For Coaches Back handsprings - heavy trampoline training or not?

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Proud Parent
May 15, 2013
Hi coaches,

I have a new Excel Bronze dd (been in gymnastics 4.5 months), and I'm new to the sport as a parent who never did gymnastics (sadly - would have loved to!).

Understandably, all the girls are excited to learn the bhs as one of the next skills. I've noticed at our gym that the rec class coach has their girls on the trampoline a LOT doing BHS repeats, among other things on the trampoline/track. In the Excel Pre-team/team, however I note very little usage of the trampoline (or tumble track) for much.

I do note that the Rec girls seem to be learning the BHS on the trampoline, and are now starting to do it on the floor already. Some Excel girls watch and are a bit jealous ;-) I did hear a comment from one Excel coach once that she didn't like to teach on trampoline, but I didn't follow up at the time as to why.

This just makes me curious - are there different philosophies about using the trampoline for BHS or similar skill acquisition? Is there anything negative about it? Any reason why Rec would use it more than Excel in teaching?

thanks for satisfying my curiosity as I find this sport, which is new to me, very intriguing.

Eventually you have to bring it to floor. It can be too easy. So you may have kids who can do it on a tramp but don't have it on Tumbl trak or a wedge.

If you have to bring all the kids to the tramp, you just can't be very efficient as they are all sitting around or doing miscellaneous things while waiting on turn.

Sometimes when you are using Tumbl-trak, you can set up a wedge or mats as return stations. Thus more efficient.
We primarily teach back handsprings on the floor and down wedge mats.

We use trampolines and tumble tracks a ton...just not too much for teaching beginning tumbling.
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Different coaching philosophies. You do,often find that rec kids will learn skills faster than competition kids in terms of time to get a skill. Rec kids will be training less hours and seemingly doing a lot more advanced skills for the hours they train than a competition kid.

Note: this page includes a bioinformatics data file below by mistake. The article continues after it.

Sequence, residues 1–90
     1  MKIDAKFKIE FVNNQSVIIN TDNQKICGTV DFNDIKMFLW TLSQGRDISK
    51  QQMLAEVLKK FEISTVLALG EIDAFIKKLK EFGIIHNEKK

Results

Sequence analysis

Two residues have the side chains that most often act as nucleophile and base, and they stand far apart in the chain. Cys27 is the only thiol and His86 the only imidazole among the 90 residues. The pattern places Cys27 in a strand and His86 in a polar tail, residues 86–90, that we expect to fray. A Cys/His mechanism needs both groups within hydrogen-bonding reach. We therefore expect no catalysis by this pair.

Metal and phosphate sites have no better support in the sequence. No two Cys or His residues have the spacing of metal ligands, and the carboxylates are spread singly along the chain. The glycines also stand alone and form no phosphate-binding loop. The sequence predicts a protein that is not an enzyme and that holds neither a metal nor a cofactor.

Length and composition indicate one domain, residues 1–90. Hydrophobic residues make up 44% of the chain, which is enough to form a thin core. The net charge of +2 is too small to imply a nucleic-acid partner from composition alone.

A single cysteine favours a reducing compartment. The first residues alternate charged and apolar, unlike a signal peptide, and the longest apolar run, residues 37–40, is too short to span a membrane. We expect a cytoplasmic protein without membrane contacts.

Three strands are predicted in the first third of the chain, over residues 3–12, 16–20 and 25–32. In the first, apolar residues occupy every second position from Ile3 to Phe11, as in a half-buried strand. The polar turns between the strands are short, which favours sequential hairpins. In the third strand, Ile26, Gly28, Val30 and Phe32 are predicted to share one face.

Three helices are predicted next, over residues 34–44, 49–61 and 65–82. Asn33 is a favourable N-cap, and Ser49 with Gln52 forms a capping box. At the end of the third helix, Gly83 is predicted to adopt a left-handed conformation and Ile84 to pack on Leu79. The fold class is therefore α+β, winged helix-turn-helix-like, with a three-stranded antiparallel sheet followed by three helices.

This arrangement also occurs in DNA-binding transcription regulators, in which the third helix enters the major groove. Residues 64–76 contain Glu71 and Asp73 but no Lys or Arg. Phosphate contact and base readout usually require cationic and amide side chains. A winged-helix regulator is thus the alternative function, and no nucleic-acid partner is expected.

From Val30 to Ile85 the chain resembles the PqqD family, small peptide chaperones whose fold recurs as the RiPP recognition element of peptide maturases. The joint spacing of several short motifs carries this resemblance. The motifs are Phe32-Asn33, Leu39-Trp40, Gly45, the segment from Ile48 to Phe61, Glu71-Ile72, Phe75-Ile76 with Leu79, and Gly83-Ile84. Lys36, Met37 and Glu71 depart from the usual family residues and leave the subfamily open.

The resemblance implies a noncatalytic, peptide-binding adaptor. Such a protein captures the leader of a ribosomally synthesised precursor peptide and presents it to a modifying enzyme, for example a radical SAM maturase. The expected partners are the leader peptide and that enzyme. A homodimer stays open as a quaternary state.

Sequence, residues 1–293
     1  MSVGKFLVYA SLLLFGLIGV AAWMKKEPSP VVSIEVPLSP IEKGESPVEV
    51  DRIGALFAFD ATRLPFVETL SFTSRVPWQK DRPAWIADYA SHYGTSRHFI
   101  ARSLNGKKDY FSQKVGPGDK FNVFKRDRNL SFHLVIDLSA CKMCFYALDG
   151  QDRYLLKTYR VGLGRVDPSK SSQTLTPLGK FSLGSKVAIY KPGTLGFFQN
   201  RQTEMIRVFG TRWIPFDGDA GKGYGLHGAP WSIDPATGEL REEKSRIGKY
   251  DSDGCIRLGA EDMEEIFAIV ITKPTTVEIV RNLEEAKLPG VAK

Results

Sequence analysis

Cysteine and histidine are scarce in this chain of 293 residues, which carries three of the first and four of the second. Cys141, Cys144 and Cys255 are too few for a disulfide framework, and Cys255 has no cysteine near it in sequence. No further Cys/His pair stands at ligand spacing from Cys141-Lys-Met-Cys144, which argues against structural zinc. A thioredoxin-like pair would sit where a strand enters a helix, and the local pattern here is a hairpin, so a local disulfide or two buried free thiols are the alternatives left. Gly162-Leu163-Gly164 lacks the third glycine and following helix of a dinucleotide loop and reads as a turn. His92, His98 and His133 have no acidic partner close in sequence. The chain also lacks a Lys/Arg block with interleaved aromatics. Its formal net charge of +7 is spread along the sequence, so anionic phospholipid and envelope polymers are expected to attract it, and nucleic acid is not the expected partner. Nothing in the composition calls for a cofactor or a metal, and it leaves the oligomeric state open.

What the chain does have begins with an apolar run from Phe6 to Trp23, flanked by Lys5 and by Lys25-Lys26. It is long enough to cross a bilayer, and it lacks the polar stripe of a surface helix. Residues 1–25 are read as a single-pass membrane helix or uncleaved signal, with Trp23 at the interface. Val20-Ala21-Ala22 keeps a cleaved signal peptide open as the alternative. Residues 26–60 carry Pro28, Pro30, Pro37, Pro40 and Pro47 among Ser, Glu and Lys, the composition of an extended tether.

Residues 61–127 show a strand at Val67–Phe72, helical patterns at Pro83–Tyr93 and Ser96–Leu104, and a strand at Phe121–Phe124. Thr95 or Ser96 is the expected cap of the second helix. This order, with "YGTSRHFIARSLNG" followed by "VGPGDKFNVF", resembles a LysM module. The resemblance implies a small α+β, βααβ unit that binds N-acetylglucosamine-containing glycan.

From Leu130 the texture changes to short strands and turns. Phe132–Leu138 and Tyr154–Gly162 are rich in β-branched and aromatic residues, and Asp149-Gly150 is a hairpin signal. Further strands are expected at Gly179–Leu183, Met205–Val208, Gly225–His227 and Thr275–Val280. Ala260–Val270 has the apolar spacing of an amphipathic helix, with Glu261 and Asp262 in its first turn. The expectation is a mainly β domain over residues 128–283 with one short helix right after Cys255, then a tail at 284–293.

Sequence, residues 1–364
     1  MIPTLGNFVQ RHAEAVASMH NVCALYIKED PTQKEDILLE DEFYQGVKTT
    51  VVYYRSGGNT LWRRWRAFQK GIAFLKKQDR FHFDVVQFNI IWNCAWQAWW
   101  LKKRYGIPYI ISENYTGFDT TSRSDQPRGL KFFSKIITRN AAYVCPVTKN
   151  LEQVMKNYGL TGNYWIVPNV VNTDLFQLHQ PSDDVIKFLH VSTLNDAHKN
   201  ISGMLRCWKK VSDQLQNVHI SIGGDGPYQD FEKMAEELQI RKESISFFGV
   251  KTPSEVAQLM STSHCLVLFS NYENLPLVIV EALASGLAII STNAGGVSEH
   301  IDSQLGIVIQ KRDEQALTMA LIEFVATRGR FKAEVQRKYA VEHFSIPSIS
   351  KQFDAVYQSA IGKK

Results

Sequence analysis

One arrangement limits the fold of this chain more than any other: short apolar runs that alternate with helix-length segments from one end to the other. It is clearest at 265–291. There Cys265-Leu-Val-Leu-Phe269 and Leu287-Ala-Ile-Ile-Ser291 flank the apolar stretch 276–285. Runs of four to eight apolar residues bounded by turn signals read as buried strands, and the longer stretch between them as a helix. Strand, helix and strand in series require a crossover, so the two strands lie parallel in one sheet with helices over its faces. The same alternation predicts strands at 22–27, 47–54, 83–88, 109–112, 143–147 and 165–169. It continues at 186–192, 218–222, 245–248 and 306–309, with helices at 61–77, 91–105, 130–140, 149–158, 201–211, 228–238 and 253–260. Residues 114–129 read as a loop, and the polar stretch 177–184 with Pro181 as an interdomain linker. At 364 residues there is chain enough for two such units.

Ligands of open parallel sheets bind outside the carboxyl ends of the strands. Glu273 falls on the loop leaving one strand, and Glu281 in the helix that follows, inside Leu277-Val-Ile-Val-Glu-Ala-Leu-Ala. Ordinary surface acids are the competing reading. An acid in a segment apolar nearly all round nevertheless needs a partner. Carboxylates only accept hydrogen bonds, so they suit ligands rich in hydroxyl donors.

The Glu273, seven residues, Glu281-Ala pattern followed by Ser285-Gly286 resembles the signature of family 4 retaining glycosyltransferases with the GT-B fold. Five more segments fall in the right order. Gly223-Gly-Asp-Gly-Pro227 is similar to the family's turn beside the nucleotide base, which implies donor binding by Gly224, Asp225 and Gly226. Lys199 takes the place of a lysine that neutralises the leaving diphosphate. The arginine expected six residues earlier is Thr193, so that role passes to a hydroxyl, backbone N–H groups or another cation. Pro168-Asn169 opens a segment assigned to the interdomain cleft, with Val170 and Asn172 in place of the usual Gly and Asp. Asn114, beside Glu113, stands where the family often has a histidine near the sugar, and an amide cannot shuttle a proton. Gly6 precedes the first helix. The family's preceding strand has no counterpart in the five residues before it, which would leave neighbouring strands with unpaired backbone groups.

But the focus is different. The goal of the rec program is to teach these skills for fun, to build confidence or often kids who do rec want these skills for other activities like dance, cheer and martial arts.

While a competition kid is training the skills to be judged under stringent WAG judging criteria.

so a rec coach may teach the comp kids a back handspring as soon as they see that it is safe for a kid to do it. While a comp coach may spend a lot more time on the drills so that when the back handspring is taught it is perfect.

Other coaches have an aversion to trampoline often because they have seen worrisome injuries. I am a big fan of teaching skills on trampoline first because the kids can get more depictions in with less wear and tear on the joints. But there is the element of risk as the trampolines bounce can be unpredictable to the kids. Also because some kids develop poor technique throwing their skills on the backyard tramps.
I may use a tramp for form after the kid has the skill but I really hate it when a kid says, "I have my back handspring on trampoline" It sometimes takes years to fix the bad habits they develop using tramp for basic skills.
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I dont let them do backhandspring on trampoline till they're in spitting distance of doing it down the cheese or on the floor, & that's just to get them over the "i am going to die" factor for their first couple unassisted.
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I allow it sometimes for rec. and cheer girls pretty much the same reasons others have stated. I don't for team kids or team t&t it does take a lot longer but when they have it they have it and have it correctly. I too hate the "I have it on the trampoline" now for the next 2 years we re-teach you how to actually push on your arms to do it on the floor and jump back rather than straight up like a poodle doing a flip in a circus lol.
We do a LOT of back handsprings on the trampoline. I have found it to be the easiest place to perfect the skill before trying it on the ground. After trampoline, we take it to the tumble track (just because it's really hard and is a good step between the soft trampoline and the ground). Once it's good there, it's down a cheese and then to the floor.
Thanks for all the insights! Seems like our coach probably is aligned with those of you who are wary of form problems with team girls from too much trampoline early on. Makes sense. These little tidbits help me give my dd logical answers to her questions. thanks again!
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With any kid, my goal is to get them to the point they can do a backhanspring somewhere themselves ASAP. This way they can get the numbers in that I cannot when I have other kids to watch and spot.

This might mean over a barrel/boulder. This might mean into the pit off a wedge ( hands first landing in the pit and then landing at the bottom of the wedge ). Then down a wedge, then on a trampoline, then on a tumbl-trak, or somewhere, anywhere so I can tell them go 10 of them and come back and I'll spot you some more.
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